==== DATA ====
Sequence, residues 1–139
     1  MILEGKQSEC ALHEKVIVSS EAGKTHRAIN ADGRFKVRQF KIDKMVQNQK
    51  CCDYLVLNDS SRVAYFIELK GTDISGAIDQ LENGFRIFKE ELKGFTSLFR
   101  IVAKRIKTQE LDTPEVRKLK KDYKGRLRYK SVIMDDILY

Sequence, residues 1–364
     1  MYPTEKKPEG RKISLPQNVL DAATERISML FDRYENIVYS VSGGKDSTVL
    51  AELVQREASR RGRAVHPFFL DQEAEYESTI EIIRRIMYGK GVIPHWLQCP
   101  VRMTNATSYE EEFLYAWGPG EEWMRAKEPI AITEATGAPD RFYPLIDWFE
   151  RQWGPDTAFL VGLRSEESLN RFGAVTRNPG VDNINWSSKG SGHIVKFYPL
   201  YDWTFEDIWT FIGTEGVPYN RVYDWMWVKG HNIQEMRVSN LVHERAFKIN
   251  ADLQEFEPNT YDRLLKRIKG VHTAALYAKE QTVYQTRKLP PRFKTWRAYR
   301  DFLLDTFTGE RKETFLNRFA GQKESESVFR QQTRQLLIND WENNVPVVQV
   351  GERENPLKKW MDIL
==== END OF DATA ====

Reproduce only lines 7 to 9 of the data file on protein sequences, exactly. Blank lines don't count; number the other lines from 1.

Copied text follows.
    51  AELVQREASR RGRAVHPFFL DQEAEYESTI EIIRRIMYGK GVIPHWLQCP
   101  VRMTNATSYE EEFLYAWGPG EEWMRAKEPI AITEATGAPD RFYPLIDWFE
   151  RQWGPDTAFL VGLRSEESLN RFGAVTRNPG VDNINWSSKG SGHIVKFYPL